With giant companies like GE (s GE) and Intel (s INTC), and startups like Grid Net, testing out how wireless technology WiMAX can be used to build out the smart grid, it was just a matter of time before the companies that make WiMAX network gear started moving in that direction, too. Last week in an interview with us, Ashish Sharma, vice president of corporate market development for one of the leading WiMAX network gear makers, Alvarion (s ALVR), told us that his company has done a couple of smart meter pilot projects using Alvarion’s WiMAX gear to collect energy data.
In those pilots, Alvarion’s WiMAX gear was used to collect data from the smart meters and connect it to a utility back office (called backhaul). Alvarion wouldn’t disclose the partners involved in the pilots, but spokeswoman Christine Buzzetta told us that the company hoped to disclose those partners in the next few months. Alvarion has also been working on WiMAX-based smart-grid devices that can help a utility regulate power and stop a power supply in the event of an emergency, said Sharma.
While these pilots might be some of the first where Alvarion has focused on enabling the smart grid, the Tel Aviv, Israel-based company has already sold its WiMAX broadband gear to utilities that want to offer its customers broadband access along with more traditional electricity and gas services. Alvarion has sold its WiMAX network gear for broadband services to utilities like ICE in Costa Rica and Elro in Denmark.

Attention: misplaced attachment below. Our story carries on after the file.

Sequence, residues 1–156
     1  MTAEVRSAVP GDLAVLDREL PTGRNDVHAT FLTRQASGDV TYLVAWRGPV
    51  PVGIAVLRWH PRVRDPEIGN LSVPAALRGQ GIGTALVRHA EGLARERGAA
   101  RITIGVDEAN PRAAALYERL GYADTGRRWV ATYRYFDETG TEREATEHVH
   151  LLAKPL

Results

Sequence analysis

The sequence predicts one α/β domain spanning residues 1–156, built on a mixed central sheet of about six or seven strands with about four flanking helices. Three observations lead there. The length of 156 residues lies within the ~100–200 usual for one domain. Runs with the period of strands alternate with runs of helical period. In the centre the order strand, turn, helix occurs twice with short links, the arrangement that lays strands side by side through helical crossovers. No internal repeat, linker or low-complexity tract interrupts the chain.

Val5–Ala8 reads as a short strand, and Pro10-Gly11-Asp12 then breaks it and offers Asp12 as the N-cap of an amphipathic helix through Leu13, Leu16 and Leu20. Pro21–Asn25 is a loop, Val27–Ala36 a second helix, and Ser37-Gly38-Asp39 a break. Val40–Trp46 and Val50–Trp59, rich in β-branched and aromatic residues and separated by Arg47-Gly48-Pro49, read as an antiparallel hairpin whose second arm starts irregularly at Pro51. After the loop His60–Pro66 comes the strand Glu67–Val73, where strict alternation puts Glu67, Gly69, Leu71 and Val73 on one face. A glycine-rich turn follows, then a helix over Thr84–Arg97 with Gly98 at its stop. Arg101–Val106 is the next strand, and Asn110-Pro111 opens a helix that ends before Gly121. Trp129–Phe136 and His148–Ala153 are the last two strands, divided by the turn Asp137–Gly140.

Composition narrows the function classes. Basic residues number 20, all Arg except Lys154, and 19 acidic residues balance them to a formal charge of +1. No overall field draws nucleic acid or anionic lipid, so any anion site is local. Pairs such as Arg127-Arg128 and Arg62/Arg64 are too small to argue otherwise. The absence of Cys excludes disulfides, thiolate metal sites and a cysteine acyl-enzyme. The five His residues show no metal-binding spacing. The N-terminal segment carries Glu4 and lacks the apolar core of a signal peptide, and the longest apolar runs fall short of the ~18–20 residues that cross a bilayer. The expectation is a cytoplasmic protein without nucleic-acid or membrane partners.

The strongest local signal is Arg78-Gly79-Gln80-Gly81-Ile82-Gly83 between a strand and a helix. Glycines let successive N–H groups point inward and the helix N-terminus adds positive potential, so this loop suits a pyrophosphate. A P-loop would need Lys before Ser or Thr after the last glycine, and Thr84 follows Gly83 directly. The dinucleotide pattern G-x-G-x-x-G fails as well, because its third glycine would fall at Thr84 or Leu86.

For those of you not familiar with WiMAX, it’s a high-speed wireless technology that service providers are using for the next generation of broadband services. It competes with a high-speed wireless technology being deployed by cell phone companies called Long Term Evolution, or LTE. The WiMAX market is currently relatively small — the equipment and device market in the fourth quarter of 2008 was $275 million, and the number of WiMAX subscribers hit 3.9 million — but it’s set to grow to 85 million subscribers by the end of 2013.
There is one major advantage to using WiMAX for adding digital intelligence to the power grid: WiMAX is an open standard that can benefit from the economies of scale created by participating companies like GE, Intel and Motorola. That means the price point of WiMAX gear is expected to come down dramatically if the technology gains traction. Ray Bell, CEO of smart-grid software maker Grid Net, told us that WiMAX chipsets currently cost around $36, but in a year they’ll be closer to $12, and in another six months they could hit $8 or even $6.
Critics of using WiMAX for the smart grid point out that currently there is no nationally deployed WiMAX network in the U.S. Clearwire and Sprint have been building out such a network, yet it’s been slow going. But Alvarion’s Sharma told us that he doesn’t think the smart grid’s use of WiMAX will be hindered by the lack of a national network. Instead, Sharma said, utilities have shown a preference for using and building private utility-owned networks for smart-grid deployments. Sharma said that the currently available public networks, like cellular networks, are not a good fit for the smart grid and private utility-owned WiMAX networks will be the leading way that WiMAX is used for the smart grid.
Startup Full Spectrum, which is building WiMAX-based networking gear for utilities, is betting on the same thing, and sells WiMAX gear for the point of the smart grid where power is distributed from generation to substation (not focusing on the collection point, like Alvarion.) Grid Net, which makes WiMAX-based smart-grid software, plans to sell to both utilities using private WiMAX networks and a national WiMAX network when it becomes available.